The Wall Street Journal (WSJ) and Nestlé have a serious romance going on. The WSJ has taken to regularly interviewing Nestlé executives about food and water issues and granting Nestlé the opportunity to opine about solving world problems in a way that enhances their bottom line. Whether its Chairman Peter Brabeck-Letmathe Brabeck-Letmathe or CEO Paul Bulcke, who better to offer solutions to world hunger and water shortages than the chairman and CEO of the second largest international processed food company with posh headquarters in Switzerland?
Nestlé executives have offered their opinions in big WSJ articles or op-eds three times in less than one year. What is so interesting to WSJ that they keep devoting time and space to what Nestlé thinks about their role in the world’s food and water supply?
Most recently, WSJ’s Brian M. Carney devoted his Weekend Interview spot to a fluff piece with Brabeck-Letmathe, where the Nestlé executive answered the question, “Can the world still feed itself?” According to Brabeck-Letmathe, the answer is yes, but only if we embrace the ideas of (and offer full financial support to) genetic engineering and charging market prices for water. Isn’t it just a little ridiculous to him seriously? ‘Take away the emotion of the water issue,” Mr. Brabeck-Letmathe argues. “Give the 1.5 percent of the water [that we use to drink and wash with], make it a human right. But give me a market for the 98.5 percent…” I think we know where his interests lie.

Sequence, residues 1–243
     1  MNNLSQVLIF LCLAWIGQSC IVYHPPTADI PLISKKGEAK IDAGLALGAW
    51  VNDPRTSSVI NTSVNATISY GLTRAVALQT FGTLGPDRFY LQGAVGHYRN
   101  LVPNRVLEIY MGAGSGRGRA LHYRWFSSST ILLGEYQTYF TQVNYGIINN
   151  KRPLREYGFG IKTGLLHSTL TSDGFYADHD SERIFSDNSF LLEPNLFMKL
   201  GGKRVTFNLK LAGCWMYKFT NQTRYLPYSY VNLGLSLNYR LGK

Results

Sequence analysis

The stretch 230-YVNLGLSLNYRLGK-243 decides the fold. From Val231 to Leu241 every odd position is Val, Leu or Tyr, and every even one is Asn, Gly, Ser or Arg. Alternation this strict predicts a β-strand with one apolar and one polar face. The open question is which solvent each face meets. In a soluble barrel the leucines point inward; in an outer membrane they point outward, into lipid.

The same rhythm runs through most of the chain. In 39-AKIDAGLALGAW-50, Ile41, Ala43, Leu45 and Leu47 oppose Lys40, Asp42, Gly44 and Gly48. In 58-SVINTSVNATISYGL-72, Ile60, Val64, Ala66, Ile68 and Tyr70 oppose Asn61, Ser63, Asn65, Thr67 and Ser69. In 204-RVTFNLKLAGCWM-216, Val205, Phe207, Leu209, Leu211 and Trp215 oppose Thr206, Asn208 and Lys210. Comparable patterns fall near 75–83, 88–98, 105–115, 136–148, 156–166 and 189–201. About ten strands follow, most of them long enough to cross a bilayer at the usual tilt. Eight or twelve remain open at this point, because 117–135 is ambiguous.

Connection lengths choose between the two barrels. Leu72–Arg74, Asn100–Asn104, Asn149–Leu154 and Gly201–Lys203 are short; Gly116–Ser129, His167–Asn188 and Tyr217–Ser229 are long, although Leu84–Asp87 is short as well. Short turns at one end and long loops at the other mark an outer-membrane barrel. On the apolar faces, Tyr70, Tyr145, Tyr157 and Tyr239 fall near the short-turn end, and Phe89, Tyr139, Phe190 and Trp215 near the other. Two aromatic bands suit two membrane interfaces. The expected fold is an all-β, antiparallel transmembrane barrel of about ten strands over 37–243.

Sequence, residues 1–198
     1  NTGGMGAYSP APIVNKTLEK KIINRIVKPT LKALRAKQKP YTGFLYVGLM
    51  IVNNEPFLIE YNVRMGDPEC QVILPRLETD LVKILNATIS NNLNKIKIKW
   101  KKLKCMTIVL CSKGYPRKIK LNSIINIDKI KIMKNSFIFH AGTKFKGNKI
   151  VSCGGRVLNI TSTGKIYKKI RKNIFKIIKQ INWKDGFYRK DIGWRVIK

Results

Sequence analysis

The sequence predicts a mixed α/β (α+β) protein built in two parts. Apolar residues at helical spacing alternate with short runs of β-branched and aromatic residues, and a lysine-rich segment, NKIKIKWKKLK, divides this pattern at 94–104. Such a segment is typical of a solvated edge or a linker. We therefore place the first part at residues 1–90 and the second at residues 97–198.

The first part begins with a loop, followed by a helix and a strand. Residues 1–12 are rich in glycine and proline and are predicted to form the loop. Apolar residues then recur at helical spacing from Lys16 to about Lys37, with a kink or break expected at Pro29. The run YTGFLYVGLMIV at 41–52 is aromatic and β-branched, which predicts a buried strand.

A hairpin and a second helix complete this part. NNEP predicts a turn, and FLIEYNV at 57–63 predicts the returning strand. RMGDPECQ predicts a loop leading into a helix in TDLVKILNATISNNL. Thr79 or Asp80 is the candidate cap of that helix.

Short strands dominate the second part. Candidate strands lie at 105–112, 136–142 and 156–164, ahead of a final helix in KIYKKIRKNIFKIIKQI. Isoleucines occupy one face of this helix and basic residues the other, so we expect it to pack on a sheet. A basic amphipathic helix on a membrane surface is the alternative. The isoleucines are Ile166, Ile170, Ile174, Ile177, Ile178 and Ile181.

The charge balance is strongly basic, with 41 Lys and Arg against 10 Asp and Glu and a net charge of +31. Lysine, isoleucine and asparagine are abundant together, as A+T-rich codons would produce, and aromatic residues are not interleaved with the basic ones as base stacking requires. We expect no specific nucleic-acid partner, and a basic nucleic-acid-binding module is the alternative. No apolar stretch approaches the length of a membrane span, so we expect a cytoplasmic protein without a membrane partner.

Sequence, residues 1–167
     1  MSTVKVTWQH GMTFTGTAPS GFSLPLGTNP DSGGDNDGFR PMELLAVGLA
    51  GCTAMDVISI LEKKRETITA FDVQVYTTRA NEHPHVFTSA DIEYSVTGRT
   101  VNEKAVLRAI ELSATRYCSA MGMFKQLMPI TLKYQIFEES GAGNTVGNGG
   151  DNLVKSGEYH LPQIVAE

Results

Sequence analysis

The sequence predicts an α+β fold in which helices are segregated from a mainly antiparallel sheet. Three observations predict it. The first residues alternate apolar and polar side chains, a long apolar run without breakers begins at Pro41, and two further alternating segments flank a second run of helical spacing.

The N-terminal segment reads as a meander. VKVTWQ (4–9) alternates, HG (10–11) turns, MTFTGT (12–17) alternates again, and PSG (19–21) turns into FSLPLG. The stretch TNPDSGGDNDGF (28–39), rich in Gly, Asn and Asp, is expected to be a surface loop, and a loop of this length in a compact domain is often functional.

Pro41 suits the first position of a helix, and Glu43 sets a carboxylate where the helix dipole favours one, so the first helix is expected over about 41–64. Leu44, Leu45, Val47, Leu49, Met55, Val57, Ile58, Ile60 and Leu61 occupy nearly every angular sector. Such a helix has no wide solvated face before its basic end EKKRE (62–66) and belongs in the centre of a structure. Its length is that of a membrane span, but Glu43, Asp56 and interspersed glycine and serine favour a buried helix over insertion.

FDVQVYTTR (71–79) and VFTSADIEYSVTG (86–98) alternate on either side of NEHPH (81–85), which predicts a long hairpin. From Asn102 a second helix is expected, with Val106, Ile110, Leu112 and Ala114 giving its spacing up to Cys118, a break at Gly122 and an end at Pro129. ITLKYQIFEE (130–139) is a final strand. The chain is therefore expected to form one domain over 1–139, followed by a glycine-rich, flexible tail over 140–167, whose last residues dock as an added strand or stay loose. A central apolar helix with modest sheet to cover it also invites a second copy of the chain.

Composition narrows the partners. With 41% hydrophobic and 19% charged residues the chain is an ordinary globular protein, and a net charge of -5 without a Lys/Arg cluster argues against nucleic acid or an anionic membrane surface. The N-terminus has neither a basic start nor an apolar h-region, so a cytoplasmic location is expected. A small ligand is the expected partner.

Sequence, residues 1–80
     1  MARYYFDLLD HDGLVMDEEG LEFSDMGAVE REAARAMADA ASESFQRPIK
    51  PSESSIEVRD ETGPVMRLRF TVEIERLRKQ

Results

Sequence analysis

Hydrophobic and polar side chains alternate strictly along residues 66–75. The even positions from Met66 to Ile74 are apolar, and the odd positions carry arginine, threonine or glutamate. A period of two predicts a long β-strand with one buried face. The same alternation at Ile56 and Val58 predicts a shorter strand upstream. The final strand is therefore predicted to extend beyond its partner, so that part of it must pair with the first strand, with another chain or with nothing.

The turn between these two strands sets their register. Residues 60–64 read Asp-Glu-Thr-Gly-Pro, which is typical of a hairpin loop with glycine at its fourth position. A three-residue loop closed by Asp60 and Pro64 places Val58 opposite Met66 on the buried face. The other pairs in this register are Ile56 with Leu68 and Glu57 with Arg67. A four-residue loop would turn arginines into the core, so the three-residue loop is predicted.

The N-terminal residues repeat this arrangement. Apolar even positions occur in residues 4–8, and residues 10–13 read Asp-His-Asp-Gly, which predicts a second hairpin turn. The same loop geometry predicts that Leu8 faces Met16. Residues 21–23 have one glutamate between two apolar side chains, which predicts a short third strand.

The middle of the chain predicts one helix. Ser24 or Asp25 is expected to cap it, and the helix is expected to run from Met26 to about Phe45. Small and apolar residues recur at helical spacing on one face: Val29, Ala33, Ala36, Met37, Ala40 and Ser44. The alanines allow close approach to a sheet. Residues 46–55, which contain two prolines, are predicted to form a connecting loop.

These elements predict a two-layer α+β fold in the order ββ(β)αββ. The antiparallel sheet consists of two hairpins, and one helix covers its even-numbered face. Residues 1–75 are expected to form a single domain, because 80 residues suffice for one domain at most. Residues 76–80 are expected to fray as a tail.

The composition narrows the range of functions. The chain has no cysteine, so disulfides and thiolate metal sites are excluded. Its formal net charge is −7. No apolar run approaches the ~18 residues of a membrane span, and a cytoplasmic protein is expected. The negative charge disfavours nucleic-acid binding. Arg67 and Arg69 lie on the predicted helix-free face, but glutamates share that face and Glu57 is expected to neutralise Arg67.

For World Water Day last March, the WSJ gave Brabeck-Letmathe the opportunity to write about the best way of supplying water to world’s poor: making sure there’s a price on it. He offered, “For universal access to clean water, there is simply no other choice but to price water at a reasonable rate. The poor should receive targeted subsidies, which could be of many types—for example, 20 liters of free water, as in South Africa.” What a great idea: Nestlé gets to secure guaranteed sales of bottle water and the governments of nations with struggling economies get to figure out how to provide the subsidies.
There was also an article where CEO Bulcke got to lay out his vision to “seize the opportunity that lies in the gap between food and pharmaceuticals.” In “Nestlé chief looks to science to make healthier profits,” maybe they should just take out the words “to science”. Nestle seems to have a reliable partner in the WSJ for rolling out their corporate plans masked as idealism about making the world a better place.
Things aren’t always what they seem. When WSJ interviews a Nestlé’ executive about food and water issues, just remember that they are not experts on feeding the world’s poor or solving a water crisis. They are businessmen.
Rich Bindell is a senior writer and outreach specialist at Food & Water Watch.